A Certain Lack of Focus

Thursday, November 01, 2007

Trick Or Treat?

I've seen a lot of blogs lately about what's "ok" for kids to do on Halloween. There's quite a lot of talk about taking a child's candy as soon as they've gone trick-or-treating, to prevent them from gorging themselves sick on chocolate. Or of "trading" candy for toy bribes, or sometimes just throwing the loot away.

Now I understand what parents are afraid of, rotting teeth, obesity, sugar crazed brats. But for crying out loud it's HALLOWEEN. These precautions might make sense if you have a kid with allergies, or even a kid who's too little to understand trick-or-treating in the first place, otherwise it's just cruel. Way to ruin the fun. Nothing's wrong with a little gorging, the kid will gain a pound, make himself sick, and be unable to eat anything the dayspooky after anyhow, balancing the whole sugar gain. Or maybe not, but at any rate it balances in the end and one day of celebration isn't going to make a lifetime habit of overindulgence.

Then there's the question of "trick." I've read a ton of comments about those damned vandals, throwing eggs which create permanent property damage, and other sorts of Halloween tricks that bring no end of nuisance and hurt feelings. The question of whether it should be allowed is sort of irrelevant, more important is why it's happening in the first place.

When I was a kid, the charm of Halloween had nothing to do with tricks, or even really the treats. It was all about the feeling in the air. There was a feeling that anything could happen, ghosts could come up behind you, you could discover an ability for magic, maybe meet a vampire. And all that mystery was all the more delicious because I was young enough to feel secure, safe, automatically protected. I was ready to witness these things because I knew I'd survive them, any other consequences just added to the sense of yummy danger. The idea that someone out there was up to mischief made it all the more fascinating, but I myself never had the temptation to throw eggs or toilet paper, or smash pumpkins on the street.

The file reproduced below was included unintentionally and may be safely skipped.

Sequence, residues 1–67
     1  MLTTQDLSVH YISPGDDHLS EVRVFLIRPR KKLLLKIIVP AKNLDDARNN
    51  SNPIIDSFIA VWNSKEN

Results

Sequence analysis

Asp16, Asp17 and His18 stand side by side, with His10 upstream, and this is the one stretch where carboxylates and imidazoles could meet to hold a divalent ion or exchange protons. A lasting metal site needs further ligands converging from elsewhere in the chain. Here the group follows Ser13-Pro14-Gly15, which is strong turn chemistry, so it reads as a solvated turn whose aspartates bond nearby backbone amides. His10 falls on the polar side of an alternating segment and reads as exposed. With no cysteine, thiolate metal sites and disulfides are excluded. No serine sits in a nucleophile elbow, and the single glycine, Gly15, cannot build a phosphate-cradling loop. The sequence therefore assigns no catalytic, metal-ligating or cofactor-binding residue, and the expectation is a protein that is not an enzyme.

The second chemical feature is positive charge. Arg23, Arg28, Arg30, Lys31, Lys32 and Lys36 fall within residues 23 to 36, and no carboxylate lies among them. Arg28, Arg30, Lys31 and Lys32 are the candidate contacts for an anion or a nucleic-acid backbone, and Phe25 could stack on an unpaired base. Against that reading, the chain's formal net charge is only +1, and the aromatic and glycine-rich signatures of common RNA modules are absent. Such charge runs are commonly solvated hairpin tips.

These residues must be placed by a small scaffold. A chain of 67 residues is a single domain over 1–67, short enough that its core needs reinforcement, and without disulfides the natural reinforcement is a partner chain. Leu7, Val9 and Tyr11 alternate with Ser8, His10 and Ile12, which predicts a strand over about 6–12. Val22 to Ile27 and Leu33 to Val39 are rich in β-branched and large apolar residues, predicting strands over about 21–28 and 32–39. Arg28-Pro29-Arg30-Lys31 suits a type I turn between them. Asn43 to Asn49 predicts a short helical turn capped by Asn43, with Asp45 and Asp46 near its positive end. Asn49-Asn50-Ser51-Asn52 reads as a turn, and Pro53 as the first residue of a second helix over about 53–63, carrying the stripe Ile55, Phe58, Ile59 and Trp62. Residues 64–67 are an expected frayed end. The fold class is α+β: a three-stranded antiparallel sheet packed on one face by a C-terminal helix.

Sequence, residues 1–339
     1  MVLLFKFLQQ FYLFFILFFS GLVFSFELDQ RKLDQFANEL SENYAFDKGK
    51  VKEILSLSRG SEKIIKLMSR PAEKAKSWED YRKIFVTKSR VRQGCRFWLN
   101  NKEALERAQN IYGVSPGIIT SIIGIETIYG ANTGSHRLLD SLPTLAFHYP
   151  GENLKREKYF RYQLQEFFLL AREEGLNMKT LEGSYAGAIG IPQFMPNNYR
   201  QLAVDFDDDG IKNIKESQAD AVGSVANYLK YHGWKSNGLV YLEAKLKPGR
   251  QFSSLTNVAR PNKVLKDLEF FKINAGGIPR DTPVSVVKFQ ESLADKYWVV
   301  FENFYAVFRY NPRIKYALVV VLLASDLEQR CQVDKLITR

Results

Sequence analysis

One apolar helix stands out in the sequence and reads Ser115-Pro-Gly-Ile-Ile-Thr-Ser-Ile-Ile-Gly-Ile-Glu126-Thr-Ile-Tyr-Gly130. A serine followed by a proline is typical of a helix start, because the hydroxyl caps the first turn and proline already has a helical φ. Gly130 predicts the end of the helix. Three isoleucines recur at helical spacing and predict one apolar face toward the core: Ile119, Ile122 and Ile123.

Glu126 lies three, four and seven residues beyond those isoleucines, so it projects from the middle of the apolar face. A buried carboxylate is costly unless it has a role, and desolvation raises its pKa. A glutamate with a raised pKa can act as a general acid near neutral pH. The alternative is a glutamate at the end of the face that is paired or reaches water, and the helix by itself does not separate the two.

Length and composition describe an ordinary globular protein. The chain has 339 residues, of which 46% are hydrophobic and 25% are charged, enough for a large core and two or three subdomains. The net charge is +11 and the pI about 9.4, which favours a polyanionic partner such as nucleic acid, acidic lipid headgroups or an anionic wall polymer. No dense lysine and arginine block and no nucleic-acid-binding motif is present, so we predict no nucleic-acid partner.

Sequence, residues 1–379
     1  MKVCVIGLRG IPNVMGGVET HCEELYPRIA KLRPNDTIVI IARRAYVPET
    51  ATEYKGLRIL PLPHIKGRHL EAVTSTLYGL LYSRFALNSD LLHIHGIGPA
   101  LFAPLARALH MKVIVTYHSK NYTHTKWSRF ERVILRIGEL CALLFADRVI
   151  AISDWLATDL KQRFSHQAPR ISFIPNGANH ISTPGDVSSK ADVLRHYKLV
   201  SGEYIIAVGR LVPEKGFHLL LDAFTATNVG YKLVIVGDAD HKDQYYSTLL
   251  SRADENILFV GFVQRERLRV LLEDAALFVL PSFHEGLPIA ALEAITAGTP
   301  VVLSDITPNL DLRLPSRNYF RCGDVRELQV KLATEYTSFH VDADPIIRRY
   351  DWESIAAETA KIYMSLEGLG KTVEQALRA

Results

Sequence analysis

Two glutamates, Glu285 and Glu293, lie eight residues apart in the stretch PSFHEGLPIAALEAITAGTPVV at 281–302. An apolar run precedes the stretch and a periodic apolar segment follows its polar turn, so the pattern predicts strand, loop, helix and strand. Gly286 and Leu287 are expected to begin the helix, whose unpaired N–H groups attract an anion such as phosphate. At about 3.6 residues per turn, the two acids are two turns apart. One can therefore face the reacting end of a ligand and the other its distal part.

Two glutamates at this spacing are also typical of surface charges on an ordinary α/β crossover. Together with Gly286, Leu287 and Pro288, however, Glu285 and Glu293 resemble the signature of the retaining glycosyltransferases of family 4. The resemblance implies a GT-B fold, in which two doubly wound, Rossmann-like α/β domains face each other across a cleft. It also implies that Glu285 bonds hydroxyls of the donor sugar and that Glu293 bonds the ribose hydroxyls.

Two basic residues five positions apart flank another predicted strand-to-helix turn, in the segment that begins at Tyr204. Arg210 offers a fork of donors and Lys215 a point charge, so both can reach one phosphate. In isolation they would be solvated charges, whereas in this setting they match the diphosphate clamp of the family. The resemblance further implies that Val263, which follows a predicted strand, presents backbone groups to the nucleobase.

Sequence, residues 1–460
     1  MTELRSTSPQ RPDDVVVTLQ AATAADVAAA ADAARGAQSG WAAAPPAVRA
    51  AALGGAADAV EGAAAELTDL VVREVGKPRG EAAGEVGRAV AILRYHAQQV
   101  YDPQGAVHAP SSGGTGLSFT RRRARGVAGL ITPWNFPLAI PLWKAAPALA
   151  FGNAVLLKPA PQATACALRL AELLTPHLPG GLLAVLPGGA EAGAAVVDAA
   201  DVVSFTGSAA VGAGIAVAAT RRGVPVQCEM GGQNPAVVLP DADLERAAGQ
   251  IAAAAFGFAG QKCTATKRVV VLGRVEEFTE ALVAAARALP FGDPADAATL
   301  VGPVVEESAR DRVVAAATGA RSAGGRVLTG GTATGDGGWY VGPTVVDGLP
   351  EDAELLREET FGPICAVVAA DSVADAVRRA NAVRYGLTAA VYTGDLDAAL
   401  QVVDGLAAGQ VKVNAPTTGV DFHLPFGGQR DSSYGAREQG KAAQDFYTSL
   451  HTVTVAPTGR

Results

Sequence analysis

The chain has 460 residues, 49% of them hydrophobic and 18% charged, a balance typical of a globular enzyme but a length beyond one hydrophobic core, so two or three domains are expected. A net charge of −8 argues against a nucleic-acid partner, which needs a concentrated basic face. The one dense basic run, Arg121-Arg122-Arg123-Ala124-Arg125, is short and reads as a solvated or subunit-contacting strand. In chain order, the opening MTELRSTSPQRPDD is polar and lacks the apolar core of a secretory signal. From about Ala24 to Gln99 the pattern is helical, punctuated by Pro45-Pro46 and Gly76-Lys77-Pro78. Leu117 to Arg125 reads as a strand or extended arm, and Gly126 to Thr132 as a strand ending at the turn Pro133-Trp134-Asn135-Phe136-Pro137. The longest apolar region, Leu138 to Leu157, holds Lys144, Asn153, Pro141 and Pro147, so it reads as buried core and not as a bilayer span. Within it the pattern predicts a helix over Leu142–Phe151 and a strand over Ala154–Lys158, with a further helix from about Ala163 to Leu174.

Why didn't I have the temptation? Because I continued trick-or-treating until I was fifteen or sixteen, in other words, far too old. To my mind, that's the real trick: teenagers. I could (but won't at this time) talk for pages about the problem of teenagers in general, a created class of people that is neither here nor there, and utterly confused because of it. Instead I'd like to talk about this chunk of people on Halloween.

When a five or six year old says: trick or treat? he probably doesn't realize what he's saying. Even as we get older we don't really consider that phrase a negotiation, and consciously it's not. On the other hand when a sixteen-year-old comes to your door with a plastic pumpkin and says "trick-or-treat" most people will give them the: "aren't you too old for this" glare, and in a way, it's these skeptical neighbors that are pushing the trick-or-treat towards the "trick" half. I was encouraged to stop trick-or-treating when I was about twelve, not that I did. You don't even have to tell them they're too old, a child realizes this the first time he or she is asked, "are you going trick-or-treating this year?" as though it were an option, as though the possibility not to go actually exists. We expect these kids to grow up in the course of a year, but they still want to dress in costumes, want to be a part of Halloween magic like they always have been. So when we tell them they're too old, and provide them no other way to be a part, they find their own way. Somehow we are still surprised to when our trees are covered in soggy toilet paper, or the paint job on our cars are ruined by eggs.

I'm not saying vandalism is ok, but aren't we kind of asking for it when we, as a society, tell kids we aren't going to give them the "treat" any longer? Personally, when I have kids, and they start to indicate a reluctance to go trick-or-treating, I'm going to buy them a whole bundle of TP. If they're going to go out playing tricks, I'd rather it be the huge nuisance kind than the permanent property damage kind.

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